I have a full set of photos on Flickr for you to check out. Have a great weekend!

  • Mar6


    Rebecca is the latest friend to come to the home studio for a portrait session, and man is she amazing to photograph. It’s becoming quickly apparent that it’s impossible to get bored with portraiture when you have amazing people to work with who are creative and are game for anything. This time around, I had several shots pre-visualized before we began. The first one is this natural light portrait using windows as the light source. We took advantage of the fading afternoon light and went for a bedroom scene (in my dining room).


    I put a bed sheet on an ottoman to act as a bed. The problem was that I forgot how tall Rebecca is, and any shot that showed her whole body on the ottoman looked quite strange. It made her look like she was in a toddler’s bed, which is less than sexy when you think about it. No problem, I just shot tighter on her and got an implied photo. Sexy’s back!

    Next, I wanted to showcase her amazing long auburn hair. We broke out the industrial fan and had her whipping her head from front to back to get her hair to catch the wind like a sail.


    My goal was to have her flip her head enough times until she passed out. Not really, but I’m sure it felt like that to her. This kind of shot is all about timing. Hit the shutter at the perfect time while the hair is spread out and her face doesn’t look like someone who’s moving up and down vigorously. That’s not an easy shot to get without a lot of attempts. Saying that she’s a trooper is an understatement.


    This is my final pre-visualized shot. I wanted to get this angle showing the piano and guitar on one side of the wall and Rebecca on the other side. This is one shot – not a diptych. I was inspired to use some of my old records in it after a friend of mine from back in my punk rock musician days posted vintage photos of girls with records on his Facebook page. Thanks for the inspiration Frank!


    Katie, who works with Rebecca and is also just plain awesome, was helping out with the shoot and got drafted into a similar shot. I’m blessed to know such beautiful people! This shot rocks almost as hard as Katie at an Avett Brothers show at the North Charleston Coliseum (I’m still indebted because she invited me into the box seats with her friends at that show).


    The above shot was a suggestion of Rebecca’s, which was to shoot her on a magenta background to compliment a green dress she wanted to wear. With such big bright blue eyes and the rich colors of her dress, her hair, and the background (I used a speedlight with a magenta gel on it to get that), I wanted to get a big smiling portrait. Rebecca’s such a fun girl that it’s more than easy to get a natural reaction out of her.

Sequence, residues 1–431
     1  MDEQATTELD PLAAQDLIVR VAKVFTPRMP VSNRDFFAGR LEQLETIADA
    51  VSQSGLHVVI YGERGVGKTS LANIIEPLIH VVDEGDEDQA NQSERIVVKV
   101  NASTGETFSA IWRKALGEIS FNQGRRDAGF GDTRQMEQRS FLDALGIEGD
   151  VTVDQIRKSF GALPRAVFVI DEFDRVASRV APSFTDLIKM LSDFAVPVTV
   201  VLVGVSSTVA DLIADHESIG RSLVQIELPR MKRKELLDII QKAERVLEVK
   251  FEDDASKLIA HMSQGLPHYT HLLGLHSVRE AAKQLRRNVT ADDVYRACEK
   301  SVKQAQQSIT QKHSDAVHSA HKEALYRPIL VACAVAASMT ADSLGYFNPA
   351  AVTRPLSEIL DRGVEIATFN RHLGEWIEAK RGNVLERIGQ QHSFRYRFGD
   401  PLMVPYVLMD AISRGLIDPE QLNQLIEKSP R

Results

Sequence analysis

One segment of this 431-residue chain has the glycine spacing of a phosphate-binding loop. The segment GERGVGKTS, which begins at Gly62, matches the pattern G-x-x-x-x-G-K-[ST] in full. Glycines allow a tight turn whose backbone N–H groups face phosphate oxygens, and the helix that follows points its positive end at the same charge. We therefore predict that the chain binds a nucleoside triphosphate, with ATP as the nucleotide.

This was the final frame of the shoot. I love to do a head shot like this at the end of a shoot because at that point the person has been coached so much that they just easily connect with the camera. They’re all warmed up and comfortable, and it’s also quite a slow-down from the rest of the shoot. I just use the modeling lights and a 50mm lens, and really tone it down. I can fire off multiple shots while talking and complimenting the subject on the work we just did, and it really makes for a beautiful expression.

    As I do this more, I’m really seeing the importance of vision over technical ability. You need the technical ability for sure, but without the vision, making a good photo becomes a game of luck. Why take only chances? The photo at the top of this post is an example of free-styling it. It might be one of my favorite shots that I’ve made in a long time, but it really was a lucky shot that I got while we were working out some fashion poses. Her expression is amazing and it was a decisive moment that was lost in the very next frame of the same setup. The blowing hair shot though, which was heavily planned and worked on, was destined to succeed because I knew exactly what I wanted it to look like before I took the shot. Sure, luck is a great thing, but it’s not predictable. Hard work and visualization can be.